A Cautionary Tale
In December, investors added an estimated $12.4 billion to equity funds, which was roughly half the inflow they enjoyed during the previous month's post-election enthusiasm. Bond funds bled $2 billion and money-market funds drained $5.5 billion.
"Even allowing for the usual holiday lull in net flows, the results were a bit disappointing considering short-term performance," Cassidy said. "We continue to see strong selection bias toward safe-feeling fund types and little overall sustained enthusiasm."
U.S. diversified equity funds, which have about 64% of total equity fund assets, were also on trend in December, posting small net inflows of less than $1 billion. Sector funds continued to reflect investors' lack of confidence about making rifle-shot choices, Cassidy said, and witnessed an outflow of $1.7 billion, despite inflows to real estate and natural resource funds.
"Investors could hardly be described as excited or manic," Cassidy commented. "With $6.2 billion of net inflows, the mixed-equity fund types took in half the overall equity funds' flows as current income in hand retained its strong hold on taste."
World equity funds had about $6.8 billion of inflows for December, led by broadly international rather than local choices, further reflecting investor wariness over the weak dollar. Not surprisingly, the funds stole the show for the year, too, with total inflows of about $83 billion. Flows in narrow areas or single countries were rare again in December, but gains were largest in European region funds, which accepted $300 million. The China region was next, with $250 million added.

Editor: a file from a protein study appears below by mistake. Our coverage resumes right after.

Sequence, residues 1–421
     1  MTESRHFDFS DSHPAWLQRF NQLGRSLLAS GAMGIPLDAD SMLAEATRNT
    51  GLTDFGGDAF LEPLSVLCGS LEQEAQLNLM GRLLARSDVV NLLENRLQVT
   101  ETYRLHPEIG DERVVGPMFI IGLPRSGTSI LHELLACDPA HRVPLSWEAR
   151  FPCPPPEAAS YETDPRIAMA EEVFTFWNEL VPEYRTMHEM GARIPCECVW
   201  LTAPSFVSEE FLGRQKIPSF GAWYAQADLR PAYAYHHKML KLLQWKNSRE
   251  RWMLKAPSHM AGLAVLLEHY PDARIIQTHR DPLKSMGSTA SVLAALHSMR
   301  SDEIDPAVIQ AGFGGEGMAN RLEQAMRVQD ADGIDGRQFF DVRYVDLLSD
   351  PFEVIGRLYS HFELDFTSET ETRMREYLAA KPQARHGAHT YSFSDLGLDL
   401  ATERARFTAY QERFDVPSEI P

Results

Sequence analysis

Sector funds bled $1.7 billion in December, led by a $1.2 billion drain in science and technology, according to Lipper. Real estate and natural resources funds were big winners for the month and took in $4.7 billion each for the year.
Mixed-equity funds, meanwhile, also enjoyed a strong December, racking up $6 billion in net intake, while funds based on the S&P 500 captured a modest $200 billion for the month and just $11.3 billion for the year.
On the fixed-income side, December bond fund flows were mildly negative at $2 billion. Reflecting the trend of previous months, municipal bond fund flows were proportionally more negative then those in taxable bond funds. While assets in muni bond funds are only about 38% as large as those in taxable funds, Cassidy said, the outflows were essentially equal at $1 billion each.
"Following tax bracket cuts and the enactment of favorable tax rates on dividends, muni bond income is now less highly sought at the margin," he added. "And several of the most attractive and sophisticated bond types in a potentially rising rate environment are found on the taxable side of the arena."
TIPS bond funds saw inflows of $600 million in December, while flows into corporate bond funds were positive and flows to Treasury/government funds were neutral, indicating both yield seeking and expectations of economic expansion, Cassidy said.
"One seeming major anomaly was an outflow of nearly $1.5 billion in high-yield bond funds. These had seen mixed and volatile trends all during the year," he noted.
For the year, bond fund flows were mildly negative at about $14 billion.
Money market funds had an estimated net outflow of $5.5 billion in December and about $240 billion for the year, a mere 2% smaller than the record outflow they suffered in 2003 and five times what they lost the previous year. Lipper attributed the continuing drain from money funds to low interest rates and improvement in the stock market.